- AV is Pro Football Reference's cumulative season grade (they also offer career AV). Again, some context: for the first rounders, the highest 2011 AVs were Patrick Peterson's 25 and Cam Newton's 19. Tyron Smith's score of 9 places him sixth in the rookie class, just behind Julio Jones and J. J. Watt (and well above the first-round average of 5.75)
And a few takeaways from this list:
- An encouraging sign: four of these players received positive season grades from Pro Football Focus. Three of them were Cowboys. Nice!
- There is little evidence to suggest that Dallas either significantly over- or under-valued these players. Of course, we don't know what the Cowboys 2011 draft board looked like, but there seem to be pretty clear correlations between what the Cowboys saw and what the rest of the league perceived in these guys. No Quincy Carters or Dwayne Goodriches here, thank goodness (and Parcells).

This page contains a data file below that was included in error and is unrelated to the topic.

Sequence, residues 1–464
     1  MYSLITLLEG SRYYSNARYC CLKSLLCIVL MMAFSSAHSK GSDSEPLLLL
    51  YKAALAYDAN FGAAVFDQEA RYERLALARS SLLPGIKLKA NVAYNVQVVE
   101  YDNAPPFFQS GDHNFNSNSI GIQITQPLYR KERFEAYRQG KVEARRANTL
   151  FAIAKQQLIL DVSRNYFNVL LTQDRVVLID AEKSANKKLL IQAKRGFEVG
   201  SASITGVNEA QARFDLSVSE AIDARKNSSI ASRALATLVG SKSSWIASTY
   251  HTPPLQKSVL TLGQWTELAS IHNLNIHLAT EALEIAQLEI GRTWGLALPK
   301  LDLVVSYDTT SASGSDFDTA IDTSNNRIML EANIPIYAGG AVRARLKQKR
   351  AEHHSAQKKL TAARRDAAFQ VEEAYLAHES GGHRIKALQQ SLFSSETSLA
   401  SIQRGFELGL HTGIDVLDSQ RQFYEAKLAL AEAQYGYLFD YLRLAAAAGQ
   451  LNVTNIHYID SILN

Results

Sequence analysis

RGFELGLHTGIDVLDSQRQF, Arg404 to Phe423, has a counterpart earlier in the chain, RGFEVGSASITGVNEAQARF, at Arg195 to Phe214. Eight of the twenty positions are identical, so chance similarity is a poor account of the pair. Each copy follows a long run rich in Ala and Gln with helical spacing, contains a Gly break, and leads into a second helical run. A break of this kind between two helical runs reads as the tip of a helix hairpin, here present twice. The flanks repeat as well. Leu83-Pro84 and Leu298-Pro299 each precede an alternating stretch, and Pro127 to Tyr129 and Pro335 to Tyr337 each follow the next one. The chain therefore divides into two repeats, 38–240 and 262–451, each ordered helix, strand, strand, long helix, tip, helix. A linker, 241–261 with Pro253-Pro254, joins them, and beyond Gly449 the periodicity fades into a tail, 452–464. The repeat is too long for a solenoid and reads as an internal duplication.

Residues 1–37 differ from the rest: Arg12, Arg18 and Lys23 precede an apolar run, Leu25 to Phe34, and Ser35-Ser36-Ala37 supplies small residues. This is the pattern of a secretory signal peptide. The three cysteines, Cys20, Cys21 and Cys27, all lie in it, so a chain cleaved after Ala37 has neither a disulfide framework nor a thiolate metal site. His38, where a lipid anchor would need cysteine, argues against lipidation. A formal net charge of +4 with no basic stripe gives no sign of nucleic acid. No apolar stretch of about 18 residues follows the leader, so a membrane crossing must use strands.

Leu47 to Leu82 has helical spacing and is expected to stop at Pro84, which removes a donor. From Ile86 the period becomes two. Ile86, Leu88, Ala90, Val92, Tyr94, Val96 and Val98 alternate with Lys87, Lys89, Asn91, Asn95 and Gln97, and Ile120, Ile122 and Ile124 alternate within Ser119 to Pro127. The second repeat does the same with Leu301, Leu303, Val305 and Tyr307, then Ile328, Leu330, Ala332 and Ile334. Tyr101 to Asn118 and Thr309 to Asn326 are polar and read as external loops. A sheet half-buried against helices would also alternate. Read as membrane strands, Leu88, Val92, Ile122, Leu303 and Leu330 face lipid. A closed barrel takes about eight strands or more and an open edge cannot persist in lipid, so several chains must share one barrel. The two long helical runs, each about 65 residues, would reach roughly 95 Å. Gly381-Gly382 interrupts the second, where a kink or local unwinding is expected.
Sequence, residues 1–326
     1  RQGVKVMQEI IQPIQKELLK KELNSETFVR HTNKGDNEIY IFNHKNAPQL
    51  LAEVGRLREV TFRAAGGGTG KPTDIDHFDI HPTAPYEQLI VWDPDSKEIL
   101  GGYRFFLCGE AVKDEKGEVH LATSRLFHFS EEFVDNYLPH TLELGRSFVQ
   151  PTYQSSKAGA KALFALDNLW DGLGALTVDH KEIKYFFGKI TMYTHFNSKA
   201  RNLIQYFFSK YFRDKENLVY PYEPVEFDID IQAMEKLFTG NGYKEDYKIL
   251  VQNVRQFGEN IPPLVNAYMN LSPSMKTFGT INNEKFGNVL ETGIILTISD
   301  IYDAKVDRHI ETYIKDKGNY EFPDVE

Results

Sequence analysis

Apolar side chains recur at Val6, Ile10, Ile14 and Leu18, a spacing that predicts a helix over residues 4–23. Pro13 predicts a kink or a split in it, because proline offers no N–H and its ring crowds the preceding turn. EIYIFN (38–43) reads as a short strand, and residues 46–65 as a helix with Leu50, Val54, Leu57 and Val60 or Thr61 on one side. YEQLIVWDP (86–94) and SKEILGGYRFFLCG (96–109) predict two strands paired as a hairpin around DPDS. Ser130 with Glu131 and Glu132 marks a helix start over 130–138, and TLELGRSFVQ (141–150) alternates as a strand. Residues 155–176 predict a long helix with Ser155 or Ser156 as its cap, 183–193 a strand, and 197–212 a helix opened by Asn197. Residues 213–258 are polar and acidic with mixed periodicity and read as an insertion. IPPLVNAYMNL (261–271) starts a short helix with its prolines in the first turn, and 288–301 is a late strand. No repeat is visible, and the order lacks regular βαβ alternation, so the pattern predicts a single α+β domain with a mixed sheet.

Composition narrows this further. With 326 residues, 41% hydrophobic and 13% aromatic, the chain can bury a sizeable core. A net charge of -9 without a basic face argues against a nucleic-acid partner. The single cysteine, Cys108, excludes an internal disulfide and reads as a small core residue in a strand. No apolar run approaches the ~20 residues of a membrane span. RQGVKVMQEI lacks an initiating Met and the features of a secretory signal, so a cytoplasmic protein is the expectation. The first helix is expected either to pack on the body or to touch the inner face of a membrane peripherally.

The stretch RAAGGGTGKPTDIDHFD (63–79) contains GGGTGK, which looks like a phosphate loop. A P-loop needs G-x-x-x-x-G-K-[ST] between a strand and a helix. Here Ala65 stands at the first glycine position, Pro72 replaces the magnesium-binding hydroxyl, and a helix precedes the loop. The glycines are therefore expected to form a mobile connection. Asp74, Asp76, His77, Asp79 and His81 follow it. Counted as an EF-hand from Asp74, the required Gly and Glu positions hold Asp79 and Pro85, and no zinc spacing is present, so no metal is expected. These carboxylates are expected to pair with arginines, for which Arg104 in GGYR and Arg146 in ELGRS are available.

- Dallas targeted several mid-round running back types--and seem really to have had a good eye for running back talent. All four of their targets played, and two of them started (Ridley for a conference champion). Both Powell and Tanner showed promise even though they were buried on a talented running back depth chart. The Cowboys certainly seem to have chosen the right back; Murray's numbers far exceed those of his other invitees.
- At receiver, the numbers are less clear. The Cowboys honed in on several mid-to late round receiving types (other than the late-first to early-second round Baldwin). All of the legitimately draftable guys (Holmes and Young both had "UDFA" stamped on them from the get-go) were taken about where we imagined the Cowboys had them, and all three saw fairly significant playing time; for Shorts and Gates, most of this was on special teams.